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FMD and Prevention
Watch this video to learn more about foot-and-mouth disease. 
How does FMD affect consumers?

FMD is not a public health concern but an outbreak could ultimately threaten the entire U.S. economy. Click here to find out more.


What can livestock producers do?
Being prepared and informed is essential in keeping your farm and the U.S. livestock industry free from FMD. Get more information here.

Frequently Asked Questions about FMD

What is foot-and-mouth disease (FMD)?
What are the potential economic ramifications of an FMD outbreak in the U.S.?
Where does FMD occur?
Can people get the disease?
Can my cat or dog contract FMD?
How do you get rid of FMD?
Why go to such great lengths to eradicate a disease that doesn't usually kill animals?
What is the U.S. Department of Agriculture (USDA) doing to protect the United States from FMD?
What is the USDA doing to prevent travelers from bringing FMD into the United States?
What should travelers do if they are planning to visit a farm or are in contact with livestock while abroad?
Can travelers bring animal products back to the United States from Europe?
How do farmers support USDA in its efforts to prevent FMD in the United States?
Where can I find additional information?

Q: What is foot-and-mouth disease (FMD)?
A: Foot-and-mouth disease (FMD) is a serious animal disease that only affects animals with cloven (divided) hooves, such as cattle, swine, sheep, goats and deer. Dogs, cats, horses, and other animals without cloven hooves are not susceptible to FMD. The FMD virus is highly contagious and easily spread among susceptible animals by wind, infected animals, people, and vehicles. 

FMD is not a public health or food safety concern. 

FMD is not related to Hand, Foot and Mouth Disease (HFMD), a common childhood illness, nor is it the same as bovine spongiform encephalopathy (BSE), commonly known as “mad cow disease.”

Q: What are the potential economic ramifications of an FMD outbreak in the U.S.?
A:
Because of the potential for rapid spread, with nearly 100 percent of exposed animals ultimately becoming infected, an outbreak of FMD could have very sizeable economic consequences that would be felt by many sectors of the U.S. economy, not just agriculture.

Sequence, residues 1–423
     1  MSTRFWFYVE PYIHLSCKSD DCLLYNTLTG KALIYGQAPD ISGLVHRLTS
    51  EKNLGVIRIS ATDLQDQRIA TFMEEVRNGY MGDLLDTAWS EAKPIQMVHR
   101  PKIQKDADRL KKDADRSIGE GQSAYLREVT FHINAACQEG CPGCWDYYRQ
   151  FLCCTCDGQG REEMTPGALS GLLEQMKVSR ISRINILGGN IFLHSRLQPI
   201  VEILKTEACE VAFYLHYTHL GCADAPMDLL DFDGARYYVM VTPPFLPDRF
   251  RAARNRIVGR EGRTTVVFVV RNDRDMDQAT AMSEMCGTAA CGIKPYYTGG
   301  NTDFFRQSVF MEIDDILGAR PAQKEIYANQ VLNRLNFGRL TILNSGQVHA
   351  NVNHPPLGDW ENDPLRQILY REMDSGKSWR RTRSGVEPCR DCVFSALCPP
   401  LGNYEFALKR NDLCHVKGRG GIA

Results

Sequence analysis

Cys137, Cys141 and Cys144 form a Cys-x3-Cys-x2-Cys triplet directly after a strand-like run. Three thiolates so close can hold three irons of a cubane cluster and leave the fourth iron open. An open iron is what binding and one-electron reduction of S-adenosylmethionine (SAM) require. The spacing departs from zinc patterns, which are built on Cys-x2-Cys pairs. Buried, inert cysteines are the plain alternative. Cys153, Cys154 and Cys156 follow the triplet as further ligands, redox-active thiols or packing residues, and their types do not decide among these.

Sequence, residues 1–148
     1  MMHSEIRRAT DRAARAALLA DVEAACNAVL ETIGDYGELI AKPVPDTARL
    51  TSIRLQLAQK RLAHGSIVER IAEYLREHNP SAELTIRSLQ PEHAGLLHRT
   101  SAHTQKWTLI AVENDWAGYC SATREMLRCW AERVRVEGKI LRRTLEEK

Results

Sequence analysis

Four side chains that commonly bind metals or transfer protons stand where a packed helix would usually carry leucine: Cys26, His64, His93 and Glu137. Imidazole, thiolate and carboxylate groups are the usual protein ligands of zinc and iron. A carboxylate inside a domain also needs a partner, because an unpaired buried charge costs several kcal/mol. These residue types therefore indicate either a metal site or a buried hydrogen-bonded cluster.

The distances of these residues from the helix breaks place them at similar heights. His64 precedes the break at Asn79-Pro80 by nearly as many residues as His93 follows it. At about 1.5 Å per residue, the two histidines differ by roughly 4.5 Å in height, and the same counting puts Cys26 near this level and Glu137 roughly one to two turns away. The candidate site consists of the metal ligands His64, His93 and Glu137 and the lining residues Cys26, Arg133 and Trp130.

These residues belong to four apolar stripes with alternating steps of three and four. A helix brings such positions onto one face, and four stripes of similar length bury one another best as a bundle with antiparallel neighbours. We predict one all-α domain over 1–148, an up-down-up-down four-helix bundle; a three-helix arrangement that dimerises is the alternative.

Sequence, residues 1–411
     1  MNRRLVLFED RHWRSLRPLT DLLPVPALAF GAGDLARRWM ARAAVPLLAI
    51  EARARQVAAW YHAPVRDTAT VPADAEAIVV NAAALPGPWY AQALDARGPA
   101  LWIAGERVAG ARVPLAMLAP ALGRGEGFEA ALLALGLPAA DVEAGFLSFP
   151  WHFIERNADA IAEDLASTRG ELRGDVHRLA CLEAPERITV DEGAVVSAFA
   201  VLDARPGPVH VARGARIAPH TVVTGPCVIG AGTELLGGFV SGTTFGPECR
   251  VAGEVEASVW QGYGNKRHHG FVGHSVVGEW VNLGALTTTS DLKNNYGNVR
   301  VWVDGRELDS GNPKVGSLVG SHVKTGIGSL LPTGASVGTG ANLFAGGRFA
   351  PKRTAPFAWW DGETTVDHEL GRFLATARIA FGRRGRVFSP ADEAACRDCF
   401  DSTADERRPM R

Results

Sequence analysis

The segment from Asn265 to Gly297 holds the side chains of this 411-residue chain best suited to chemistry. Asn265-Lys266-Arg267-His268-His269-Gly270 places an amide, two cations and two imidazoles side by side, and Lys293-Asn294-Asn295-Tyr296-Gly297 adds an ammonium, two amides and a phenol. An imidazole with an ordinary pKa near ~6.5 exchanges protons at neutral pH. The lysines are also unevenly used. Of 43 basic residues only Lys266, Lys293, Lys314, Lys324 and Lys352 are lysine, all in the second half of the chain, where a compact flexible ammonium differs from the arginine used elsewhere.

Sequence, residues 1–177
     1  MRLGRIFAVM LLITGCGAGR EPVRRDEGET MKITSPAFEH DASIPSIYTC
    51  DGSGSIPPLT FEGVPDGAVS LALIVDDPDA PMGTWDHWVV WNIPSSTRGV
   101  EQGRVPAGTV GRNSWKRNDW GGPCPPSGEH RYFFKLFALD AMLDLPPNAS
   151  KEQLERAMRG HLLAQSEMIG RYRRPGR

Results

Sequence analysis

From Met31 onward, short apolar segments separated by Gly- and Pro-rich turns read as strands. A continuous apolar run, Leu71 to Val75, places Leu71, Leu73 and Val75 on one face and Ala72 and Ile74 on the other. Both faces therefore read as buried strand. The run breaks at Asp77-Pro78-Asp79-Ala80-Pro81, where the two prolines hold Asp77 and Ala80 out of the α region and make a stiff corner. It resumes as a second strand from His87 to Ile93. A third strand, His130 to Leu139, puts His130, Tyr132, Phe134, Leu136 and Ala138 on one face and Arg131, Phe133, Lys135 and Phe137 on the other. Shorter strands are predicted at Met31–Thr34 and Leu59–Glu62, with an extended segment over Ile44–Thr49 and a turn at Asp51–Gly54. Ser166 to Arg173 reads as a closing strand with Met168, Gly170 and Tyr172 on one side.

The degree of economic impact would depend on how quickly the disease is identified and contained. If the outbreak is controlled quickly and eliminated – as with the last U.S. outbreak in 1929 – the damage might be small. However, if the disease becomes widespread, the economic loss could easily reach billions of dollars.

The most serious economic effects would result from large-scale losses of livestock and severe restrictions of agricultural exports. In addition, travel in areas affected by an FMD outbreak would be restricted, which would have negative effects on commerce and tourism.

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Q: Where does FMD occur?
A:
FMD currently present in more than 100 countries on the continents of Africa, South America, Asia, the Middle East and some parts of Europe. However, North America, Central America, Australia, New Zealand, Chile and many European countries are considered free of FMD.

Q: Can people get the disease?
A:
The U.S. Food and Drug Administration, the U.S. Centers for Disease Control and Prevention and the World Health Organization agree that FMD is not a threat to public health or food safety and does not affect the safety of meat sold in supermarkets and restaurants.

Q: Can my cat or dog contract FMD?
A:
No, dogs and cats cannot become infected with FMD; however, they are capable of spreading the disease.

Q: How do you get rid of FMD?
A:
The FMD virus can be killed with heat, low humidity or some disinfectants. To control the spread of the disease from animal to animal and farm to farm, infected animals must be quarantined and often euthanized, and human and vehicle traffic around the perimeter of the farm must be stopped.

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Q: Why go to such great lengths to eradicate a disease that doesn’t usually kill animals?
A: